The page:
The use of profit commissions for insurance agents and agencies is very common and is intended to be an incentive for them not only to increase sales but also to try to get good policyholders.

One of the main dilemmas that generate conflict between insurers and agents is how and when to calculate that profit. Insurance is an ongoing business and claims in many cases take time to develop. That was the case of a large insurance company that, due to not well defining the formula and the time, paid unwarranted profit commissions due to miscalculation.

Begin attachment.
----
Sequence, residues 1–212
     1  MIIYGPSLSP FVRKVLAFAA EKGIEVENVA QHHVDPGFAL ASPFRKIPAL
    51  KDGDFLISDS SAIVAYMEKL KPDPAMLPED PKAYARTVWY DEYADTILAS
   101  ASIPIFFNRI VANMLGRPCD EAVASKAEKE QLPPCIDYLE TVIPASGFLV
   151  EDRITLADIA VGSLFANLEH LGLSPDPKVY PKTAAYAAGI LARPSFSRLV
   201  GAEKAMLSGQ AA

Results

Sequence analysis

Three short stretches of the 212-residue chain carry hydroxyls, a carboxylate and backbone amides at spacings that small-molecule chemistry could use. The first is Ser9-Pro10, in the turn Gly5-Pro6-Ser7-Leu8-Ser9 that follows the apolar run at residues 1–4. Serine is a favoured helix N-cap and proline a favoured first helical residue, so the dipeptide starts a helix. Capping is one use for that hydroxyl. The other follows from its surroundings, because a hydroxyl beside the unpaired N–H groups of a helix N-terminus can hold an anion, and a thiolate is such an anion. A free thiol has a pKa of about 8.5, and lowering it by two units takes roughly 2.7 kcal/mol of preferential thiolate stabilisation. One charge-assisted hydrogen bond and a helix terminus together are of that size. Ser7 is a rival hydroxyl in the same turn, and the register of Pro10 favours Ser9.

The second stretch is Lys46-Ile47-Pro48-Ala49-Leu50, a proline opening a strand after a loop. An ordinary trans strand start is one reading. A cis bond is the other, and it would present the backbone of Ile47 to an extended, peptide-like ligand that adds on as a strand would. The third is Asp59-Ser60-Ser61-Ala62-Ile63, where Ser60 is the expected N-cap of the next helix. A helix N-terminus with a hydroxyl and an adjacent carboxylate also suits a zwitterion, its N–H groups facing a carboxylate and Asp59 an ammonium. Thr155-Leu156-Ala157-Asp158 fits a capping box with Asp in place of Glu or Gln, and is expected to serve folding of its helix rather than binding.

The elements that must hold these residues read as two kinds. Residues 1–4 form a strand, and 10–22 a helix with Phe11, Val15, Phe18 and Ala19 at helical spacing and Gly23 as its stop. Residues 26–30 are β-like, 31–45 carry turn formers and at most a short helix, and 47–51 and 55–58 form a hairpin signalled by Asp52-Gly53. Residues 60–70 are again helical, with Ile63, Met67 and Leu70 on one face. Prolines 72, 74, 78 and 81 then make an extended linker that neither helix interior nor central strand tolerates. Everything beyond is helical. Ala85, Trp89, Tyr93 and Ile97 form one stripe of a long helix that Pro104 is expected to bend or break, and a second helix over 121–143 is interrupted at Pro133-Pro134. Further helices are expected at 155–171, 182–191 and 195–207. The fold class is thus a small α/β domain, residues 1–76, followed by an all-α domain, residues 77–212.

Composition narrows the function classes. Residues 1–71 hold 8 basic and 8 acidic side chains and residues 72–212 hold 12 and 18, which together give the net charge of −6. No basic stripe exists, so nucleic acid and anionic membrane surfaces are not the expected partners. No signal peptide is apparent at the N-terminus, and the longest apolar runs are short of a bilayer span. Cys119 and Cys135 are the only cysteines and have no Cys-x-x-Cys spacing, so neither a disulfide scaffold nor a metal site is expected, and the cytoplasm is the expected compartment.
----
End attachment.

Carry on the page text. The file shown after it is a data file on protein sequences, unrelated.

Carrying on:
The original formula took into account changes in outstanding claims:

You can see in the table that the profit loss (Accounting P/L) calculations are based on accounting movements. The particular case was that thanks to the efforts of a law firm, it was possible to close some lawsuits for much less money and thus reduce the outstanding claims, generating a “fictitious” profit for the agencies involve.

In the two first rows, you can see the effect of large reductions in outstanding claim estimates that produced fictitious profit and led to the insurer paying a profit commission when profits simply meant a reduction of past losses.